By John Leyden
21st September 2005
Businesspeople are treating public access terminals in airport
departure lounges as their home PCs and in the process exposing
confidential data and email messages to all and sundry. A mixture of
curiosity and boredom led consultants from the Dubai-based network
security outfit Scanit to uncover a plethora of secrets left by
globe-trotting executives who log on in-between flights.
Many airport executive lounges are equipped with PCs that allow
business and first class fliers to surf the web. Rather than using a
web-based email service and clearing the cache and password completion
forms before shutting down, some execs are using Outlook Express
packages on these machines to write emails.
Outlook Express is probably not configured to allow emails to be sent
from these machines, so any message created simply moves to the
system's 'outbox' where it remains indefinitely after the user clicks
'send'. Even if the system is configured to send messages, the email
will normally be saved in the machine's 'sent items' folder. In either
case, email messages are left wide open for subsequent access. You'd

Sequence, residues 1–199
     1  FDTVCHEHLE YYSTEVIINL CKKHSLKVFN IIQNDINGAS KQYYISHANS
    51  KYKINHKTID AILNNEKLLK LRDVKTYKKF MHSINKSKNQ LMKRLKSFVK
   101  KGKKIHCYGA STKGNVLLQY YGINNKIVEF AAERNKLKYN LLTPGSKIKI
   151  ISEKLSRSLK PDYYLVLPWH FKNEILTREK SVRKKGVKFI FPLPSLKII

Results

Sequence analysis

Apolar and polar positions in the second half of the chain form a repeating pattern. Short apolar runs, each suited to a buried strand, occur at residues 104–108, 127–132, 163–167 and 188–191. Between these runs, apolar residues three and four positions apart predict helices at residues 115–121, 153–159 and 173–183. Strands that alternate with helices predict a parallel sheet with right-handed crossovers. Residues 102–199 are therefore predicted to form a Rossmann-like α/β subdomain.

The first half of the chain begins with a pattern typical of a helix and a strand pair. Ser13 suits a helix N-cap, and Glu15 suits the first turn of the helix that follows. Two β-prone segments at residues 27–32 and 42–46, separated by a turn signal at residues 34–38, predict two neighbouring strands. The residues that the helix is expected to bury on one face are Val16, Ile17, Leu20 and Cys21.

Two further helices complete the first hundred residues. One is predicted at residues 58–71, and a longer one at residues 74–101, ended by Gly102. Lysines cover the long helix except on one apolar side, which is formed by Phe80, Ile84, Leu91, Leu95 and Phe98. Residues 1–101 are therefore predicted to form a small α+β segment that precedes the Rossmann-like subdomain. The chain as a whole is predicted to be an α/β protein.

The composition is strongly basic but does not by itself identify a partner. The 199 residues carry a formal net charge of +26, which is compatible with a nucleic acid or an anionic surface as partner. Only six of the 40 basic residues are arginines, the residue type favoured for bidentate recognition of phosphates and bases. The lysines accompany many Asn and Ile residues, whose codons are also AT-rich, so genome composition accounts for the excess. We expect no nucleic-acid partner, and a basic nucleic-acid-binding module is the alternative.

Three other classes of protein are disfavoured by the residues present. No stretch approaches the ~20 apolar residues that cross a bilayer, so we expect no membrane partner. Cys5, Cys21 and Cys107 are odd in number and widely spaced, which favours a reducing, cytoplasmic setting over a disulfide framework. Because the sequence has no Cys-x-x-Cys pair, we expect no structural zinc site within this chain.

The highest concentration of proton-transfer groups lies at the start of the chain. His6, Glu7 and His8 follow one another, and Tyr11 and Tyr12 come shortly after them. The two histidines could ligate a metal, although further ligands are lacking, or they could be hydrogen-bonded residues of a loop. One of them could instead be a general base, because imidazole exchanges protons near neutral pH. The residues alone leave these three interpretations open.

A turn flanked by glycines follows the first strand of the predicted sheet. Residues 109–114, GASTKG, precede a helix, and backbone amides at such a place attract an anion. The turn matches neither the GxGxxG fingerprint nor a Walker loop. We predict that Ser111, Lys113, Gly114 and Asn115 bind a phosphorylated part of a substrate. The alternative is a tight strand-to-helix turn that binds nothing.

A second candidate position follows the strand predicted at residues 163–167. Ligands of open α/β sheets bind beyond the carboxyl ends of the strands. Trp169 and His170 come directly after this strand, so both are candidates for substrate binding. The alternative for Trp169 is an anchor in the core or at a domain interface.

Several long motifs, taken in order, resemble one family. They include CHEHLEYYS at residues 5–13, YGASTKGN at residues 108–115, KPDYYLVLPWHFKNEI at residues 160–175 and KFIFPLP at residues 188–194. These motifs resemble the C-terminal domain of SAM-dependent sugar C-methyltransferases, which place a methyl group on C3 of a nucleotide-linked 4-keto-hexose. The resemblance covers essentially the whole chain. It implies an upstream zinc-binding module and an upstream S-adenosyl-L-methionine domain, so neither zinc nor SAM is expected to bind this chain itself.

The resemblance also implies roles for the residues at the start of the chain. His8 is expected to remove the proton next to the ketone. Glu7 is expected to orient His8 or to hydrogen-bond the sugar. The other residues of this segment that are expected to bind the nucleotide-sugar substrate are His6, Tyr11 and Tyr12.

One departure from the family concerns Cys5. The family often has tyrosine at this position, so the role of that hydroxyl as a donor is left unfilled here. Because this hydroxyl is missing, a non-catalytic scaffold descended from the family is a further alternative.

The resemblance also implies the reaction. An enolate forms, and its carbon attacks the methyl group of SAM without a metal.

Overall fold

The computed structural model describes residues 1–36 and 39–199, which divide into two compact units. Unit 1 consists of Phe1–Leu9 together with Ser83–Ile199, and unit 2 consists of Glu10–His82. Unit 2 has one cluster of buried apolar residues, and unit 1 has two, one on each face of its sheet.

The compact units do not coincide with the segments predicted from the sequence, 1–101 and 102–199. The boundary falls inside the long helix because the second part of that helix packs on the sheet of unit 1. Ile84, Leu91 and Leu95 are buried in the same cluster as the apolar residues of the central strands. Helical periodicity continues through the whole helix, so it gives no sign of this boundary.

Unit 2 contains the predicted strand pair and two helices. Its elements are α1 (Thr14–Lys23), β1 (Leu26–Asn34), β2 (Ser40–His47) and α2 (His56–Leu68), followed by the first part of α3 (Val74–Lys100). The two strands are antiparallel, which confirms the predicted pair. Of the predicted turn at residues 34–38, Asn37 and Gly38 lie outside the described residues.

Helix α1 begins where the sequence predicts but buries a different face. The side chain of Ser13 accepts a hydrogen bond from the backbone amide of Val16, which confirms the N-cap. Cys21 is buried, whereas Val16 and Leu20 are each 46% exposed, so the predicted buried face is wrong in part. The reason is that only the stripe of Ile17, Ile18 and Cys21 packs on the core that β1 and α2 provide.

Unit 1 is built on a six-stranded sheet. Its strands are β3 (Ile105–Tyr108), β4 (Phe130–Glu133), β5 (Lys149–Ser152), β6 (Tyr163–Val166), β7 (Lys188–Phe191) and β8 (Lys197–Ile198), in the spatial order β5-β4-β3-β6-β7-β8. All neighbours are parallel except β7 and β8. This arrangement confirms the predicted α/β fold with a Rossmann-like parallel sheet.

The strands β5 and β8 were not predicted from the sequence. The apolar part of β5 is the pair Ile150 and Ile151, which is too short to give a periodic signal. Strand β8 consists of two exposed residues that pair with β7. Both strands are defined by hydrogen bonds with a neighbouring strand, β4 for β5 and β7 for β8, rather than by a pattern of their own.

think most people would realise this but Scanit has discovered
While traveling to meet clients, Scanit engineers found everything
from intimate messages to mistresses (perfect for blackmail) to
desktop-saved documents outlining multi-million dollar deals, complete
with profit margins and lowest bid values.
They also found many of these airport lounge PCs were infected with
computer viruses. Scanit chief exec David Michaux recalls a discovery
he made while waiting for a delayed flight.
"As I was playing patience, I noticed heavy network traffic on the
lounge machine's taskbar even though I wasn't using any network
applications," he said. "After some delving I was amazed to find Back
Orifice 2000 (BO2K) as the culprit. It had been invisibly collecting
my keystrokes and sending a record of them to a Hotmail account every
Michaux reported his findings to the lounge receptionist who said that
she wasn't responsible for the security of machines. Another lapse
(this time in a London airport) permitted users to log onto machines
as an administrator rather than a restricted user. Again, Scanit's
engineers found key-loggers running on systems at the airport.
"The danger is that the CEO-types who travel on behalf of their
companies and use these lounges are privy to usually sensitive data,"
Michaux explains. "This makes computers there a veritable goldmine,
whether it's executives downloading attachments from their web mail
and leaving them on the desktop, or even deleting them afterwards, but
not emptying the recycle bin before they leave to catch their plane."
Even executives who do take care are likely to be let down by the
lounge's lack of security, especially if a hacker has turned its
machines into zombie drones. The security of wireless networks if
often maligned but this is one problem wider use of laptops by
business execs can help to control. =AE
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